Acts of ordination and commissioning are anchored in the sacrament of baptism and the ministry of the baptized.
Commissioning may be compared to the experience of the early church in Antioch as the Holy Spirit instructed the community to “set apart for me Barnabas and Saul for the work to which I have called them” (Acts 13:2, NRSV). As provisional members are commissioned, we acknowledge and affirm God’s call and the individual’s response, gifts and training for leadership in the local church. We offer our support for their continuing formation as each one journeys toward ordination and full membership in the conference.
Ordination is understood as the act of the Holy Spirit and, as a liturgical rite, the culmination of a process in which representatives of the whole Church discern and validate the call, gifts and effectiveness for ministry. Ordination of deacons and elders is both to an office and for a lifetime. Ordination confers a new identity in the life of the church as well as authority for ministry. Upon ordination, deacons and elders become accountable to the whole church, to the community of the ordained, and to the order of deacons or elders of which they are a part.
The ministry of the deacon is to teach and to form disciples, to lead worship together with other ordained and lay persons, conduct marriages and bury the dead, and lead the congregation in interpreting the needs and hopes of the world. Deacons exemplify Christian discipleship and create opportunities for others to enter into discipleship. They assist laypersons as they claim their own ministry of compassion and justice. (¶328-9)
The ministry of the elder is expressed by leading the people of God in worship and prayer, by leading persons to faith in Jesus Christ, by exercising pastoral supervision in the congregation, and by leading the Church in obedience to mission in the world. (¶332)
Local pastors are appointed to a particular local church and are related to the community being served. They share with the elders the responsibilities and duties of Word, Sacrament, Order and Service. Local pastors are approved annually and are appointed and licensed by the Bishop to perform all the duties of a pastor. (¶316, 340)
At the 2017 Annual Conference the Service of Ordination, Commissioning and Election will be a combined service with candidates from both the West Michigan and the Detroit Annual Conferences.
Are you called to Ordained Ministry?
You’ve heard God’s call, but how do you know what it means? Discernment is best done by searching outside of yourself. This could be done through research, conversations with God, conversations with others, or any other way you’re able to weigh options.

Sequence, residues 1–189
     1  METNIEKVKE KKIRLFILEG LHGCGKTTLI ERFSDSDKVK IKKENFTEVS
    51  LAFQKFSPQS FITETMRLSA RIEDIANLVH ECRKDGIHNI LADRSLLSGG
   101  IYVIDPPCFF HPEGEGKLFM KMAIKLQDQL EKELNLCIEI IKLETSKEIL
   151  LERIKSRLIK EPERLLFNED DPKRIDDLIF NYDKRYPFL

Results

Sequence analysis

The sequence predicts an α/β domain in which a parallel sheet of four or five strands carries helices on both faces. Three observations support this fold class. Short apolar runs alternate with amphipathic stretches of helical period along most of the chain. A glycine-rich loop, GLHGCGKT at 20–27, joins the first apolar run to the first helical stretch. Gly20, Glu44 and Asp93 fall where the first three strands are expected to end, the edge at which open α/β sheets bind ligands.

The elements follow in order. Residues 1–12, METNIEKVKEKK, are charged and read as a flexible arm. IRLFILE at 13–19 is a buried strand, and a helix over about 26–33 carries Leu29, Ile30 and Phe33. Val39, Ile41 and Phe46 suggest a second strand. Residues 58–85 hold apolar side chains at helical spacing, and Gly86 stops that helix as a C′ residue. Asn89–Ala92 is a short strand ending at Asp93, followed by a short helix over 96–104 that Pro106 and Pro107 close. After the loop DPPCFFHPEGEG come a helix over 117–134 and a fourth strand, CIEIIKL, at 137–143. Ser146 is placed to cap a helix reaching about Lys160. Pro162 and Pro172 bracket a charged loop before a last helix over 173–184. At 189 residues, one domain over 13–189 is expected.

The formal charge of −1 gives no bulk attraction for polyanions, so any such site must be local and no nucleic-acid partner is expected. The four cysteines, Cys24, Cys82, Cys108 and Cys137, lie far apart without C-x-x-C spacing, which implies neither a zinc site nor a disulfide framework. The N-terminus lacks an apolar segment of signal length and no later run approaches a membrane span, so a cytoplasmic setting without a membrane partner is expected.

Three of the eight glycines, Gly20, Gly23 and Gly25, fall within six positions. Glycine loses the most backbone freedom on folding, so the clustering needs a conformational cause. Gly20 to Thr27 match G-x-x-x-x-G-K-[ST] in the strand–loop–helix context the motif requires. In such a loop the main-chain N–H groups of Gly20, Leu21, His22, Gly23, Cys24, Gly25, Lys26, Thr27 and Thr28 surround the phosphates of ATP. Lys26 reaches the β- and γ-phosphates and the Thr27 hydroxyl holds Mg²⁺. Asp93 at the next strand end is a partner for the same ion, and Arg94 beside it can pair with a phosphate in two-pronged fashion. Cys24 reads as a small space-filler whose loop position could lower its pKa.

You’re invited to a luncheon following the plenary at noon in the Peninsula Room. Join with other Michigan United Methodists who are asking the question: “Am I Called?” Meet representatives from United Methodist Seminaries, members of the West Michigan and Detroit Conference Boards of Ordained Ministry, District Committees on Ministry and various young adult ministries across the state.
The high moment of annual conference, the combined service of Ordination and Commissioning, will be held following the luncheon at 2:00 PM. This worship service features the commissioning of ministers and ordination of Elders and Deacons. Be inspired by beautiful music, the message delivered by Bishop David Bard, and the moment when men and women commit to lifelong service to God through the ministry of The United Methodist Church.
Here’s information on the options available through vocational ministry:
A United Methodist Chaplain is an ordained clergy person who ministers outside the walls of the church, caring for those with deep needs.
Deacons are ordained clergy who lead the church in relating Christians to their ministries in the world through worship, scriptural educational (preaching and teaching), nurturing spiritual vitality, service to the community, and ministries of justice and compassion.
Elders are ordained clergy who lead the church through worship, scriptural education (preaching and teaching), nurturing spiritual vitality, administration of the sacraments of baptism and Holy Communion, and ordering the life of the church for service in mission in ministry.
If God is calling you to become a clergy person, but you don’t see seminary as an option for you, then you may want to consider becoming a Licensed Local Pastor, whose authority is restricted to the local congregation they serve.
You may not feel called to vocational ministry but still feel inclined to leadership in the church. Work with your pastor or other church members to identify ways you can serve. Try out different ministries to discover what you enjoy doing and where your skills are. The Church has many options for lay (non-ordained) service.